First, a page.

Thirdly, by having a niche you can better identify the kinds of problems your ideal clients are having. This is where your “marketing message” comes from. You are able to speak their language and they are able to connect with you as a therapist on the front end.
A lot of times people confuse the concepts of a target market, niche, and their ideal client. Kate talks about those differences. The examples she gives is in the context of how she thinks about her own practice as a couples therapist.
If you don’t know who you are marketing to it is going to be very difficult to know how to market…
The number one “product” we have to offer people in our practices is you. We trade our time and expertise for the money people pay us. A brand is simply the image or personality you project to the public. It’s what people use to identify you.
The more you can project and get that out there, the more successful your marketing will be. But it needs to be genuine and reflect who are as a person and clinician. Remember, YOU are your brand. Being able to project a true picture of yourself through your website, photos and copy go a long way in knowing how to market well.
Using video to help convey your personality to potential clients. Many people feel intimidated by video. But practicing and doing it more makes it easier. Think about the times you first started seeing clients and how you developed confidence over time.
A good way to do this is by using videos. Videos help convey your personality to potential clients. Many people feel intimidated by video. But by practicing and doing it more makes it easier. Think about the times you first started seeing clients and how you developed confidence over time. Making videos of yourself are the same.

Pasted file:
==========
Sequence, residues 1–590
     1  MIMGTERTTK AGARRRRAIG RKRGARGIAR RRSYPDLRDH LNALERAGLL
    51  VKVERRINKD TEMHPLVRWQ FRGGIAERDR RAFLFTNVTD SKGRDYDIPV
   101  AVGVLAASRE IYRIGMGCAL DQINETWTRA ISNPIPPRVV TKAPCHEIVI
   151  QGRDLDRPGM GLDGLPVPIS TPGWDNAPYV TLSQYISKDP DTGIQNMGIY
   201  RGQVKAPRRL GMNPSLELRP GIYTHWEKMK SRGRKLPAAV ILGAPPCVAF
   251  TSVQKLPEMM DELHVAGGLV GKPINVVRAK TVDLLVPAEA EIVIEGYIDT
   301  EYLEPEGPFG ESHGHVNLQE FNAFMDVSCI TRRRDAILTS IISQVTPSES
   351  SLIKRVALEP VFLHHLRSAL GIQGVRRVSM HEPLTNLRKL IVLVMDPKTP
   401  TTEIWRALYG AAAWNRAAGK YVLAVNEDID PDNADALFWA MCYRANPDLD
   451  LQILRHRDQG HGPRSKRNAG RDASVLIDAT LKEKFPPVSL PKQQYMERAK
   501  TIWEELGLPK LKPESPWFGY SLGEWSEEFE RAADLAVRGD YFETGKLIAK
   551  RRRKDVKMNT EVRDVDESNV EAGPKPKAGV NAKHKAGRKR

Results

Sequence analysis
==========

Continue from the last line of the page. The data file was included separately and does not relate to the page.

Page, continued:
Starting with Dream Visualization
Really understanding your “why” and having a clear vision. After all, if you don’t know where you are going, how will you get there?! A good place to start is by identifying the lifestyle you want. Do some dreaming and visualization around this. Then breakdown the steps it will take to get you there.
If you think about it. marketing is very much like doing therapy. It’s about joining with people and engaging with them. Marketing your practice never needs to be “cheesy” or “salesy”. Good marketing simply conveys to people who you are and how you can help them with the problems they are struggling with.
Another way to think about marketing is that it is a way to simply begin a conversation with potential clients. You help them find you then, you communicate with them about how you can help them.
Ultimately, marketing is simply about building relationships. It helps people get to know and trust you so that you can help them with their struggles.
A to Z Worksheet- Five-day walkthrough of how to build a private practice
Gordon is the person behind The Practice of Therapy Podcast & Blog.He is also President and Founder of Kingsport Counseling Associates, PLLC. He is a therapist, consultant, business mentor, trainer and writer. PLEASE Subscribe to The Practice of Therapy Podcast on iTunes, Stitcher and Google Play. Follow us on Twitter @therapistlearn and Pinterest “Like” us on Facebook.